David Fox's Reviews > Bright's Passage

Bright's Passage by Josh Ritter
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Nov 04, 2011

it was amazing
bookshelves: favorites, reviewed, owned-books, recommend-to-friends
Recommended for: Word lovers
Read from March 20 to 24, 2012 — I own a copy , read count: 1

Astride an Angel

Bias alert! Josh Ritter is one of my favorite new singer/song writers. Since discovering him a few years back I've soaked in all of his songs, attended his concerts & marveled all the while at his ability to move me with his music & lyrics. So, when I read that he had written a novel I jumped on line to peruse the reviews & was sufficiently persuaded that I must read his book. And, now that I have, all I can say is: "Damn, not fair at all that any single person can be so incredibly talented."

His debut novel is simply stunning - a lyrical, poetic paean, celebrating the vibrancy of the human spirit, while artfully dissecting the malignancy that sometimes passes for the human heart. From the opening sentence of his novel it is clear that we are about to be treated to a richly told story:"The baby boy wriggled in his arms, a warm, wet mass, softer than a goat and harrier than a rabbit kit." Every sentence is crafted with that same sense of care - no wasted words, superfluous scenes or unnecessary narrative. Mr. Ritter simply tells the tale of a young, poor boy, returning from the War (yes before there was a II) who loses his wife & struggles with an angel who commands that he do things he'd rather not. To an extent,I'm being slightly disingenuous, as there is nothing really simple about anything contained within Bright's Passage. That is one of its charms. On one level it reads like a simple fable - a parable of good & evil. On a deeper level, it conveys so much more, testing our own assumptions, challenging I would hope, our very belief systems. But for me, more than anything, Ritter's first novel was simply a joy to read, a small treasure to be cherished & remembered.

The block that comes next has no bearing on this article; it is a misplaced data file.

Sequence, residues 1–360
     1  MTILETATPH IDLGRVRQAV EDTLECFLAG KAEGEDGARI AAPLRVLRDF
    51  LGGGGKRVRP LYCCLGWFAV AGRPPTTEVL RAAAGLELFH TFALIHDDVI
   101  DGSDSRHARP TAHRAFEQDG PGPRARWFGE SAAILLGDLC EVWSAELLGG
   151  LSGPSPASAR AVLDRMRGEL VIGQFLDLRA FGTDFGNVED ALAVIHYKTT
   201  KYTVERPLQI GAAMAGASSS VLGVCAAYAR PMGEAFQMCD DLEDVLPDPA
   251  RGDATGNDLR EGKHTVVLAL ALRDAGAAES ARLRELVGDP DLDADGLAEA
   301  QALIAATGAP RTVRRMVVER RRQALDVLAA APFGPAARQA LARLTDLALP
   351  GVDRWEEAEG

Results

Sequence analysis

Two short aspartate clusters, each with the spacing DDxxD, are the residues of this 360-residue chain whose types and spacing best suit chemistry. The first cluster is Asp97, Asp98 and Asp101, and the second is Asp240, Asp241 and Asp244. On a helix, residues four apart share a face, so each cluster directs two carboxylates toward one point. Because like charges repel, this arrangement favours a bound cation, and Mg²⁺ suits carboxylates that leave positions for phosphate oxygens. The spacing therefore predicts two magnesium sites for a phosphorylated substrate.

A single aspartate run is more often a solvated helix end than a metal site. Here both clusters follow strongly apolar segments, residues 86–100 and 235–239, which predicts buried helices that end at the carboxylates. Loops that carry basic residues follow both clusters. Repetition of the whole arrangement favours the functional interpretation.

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Quotes David Liked

Josh Ritter
“It was the blue of the sky that caught him first: a rapturous, painfully pure spike of color that hooked his eyes like fish and reeled them upward into the heights.”
Josh Ritter, Bright's Passage


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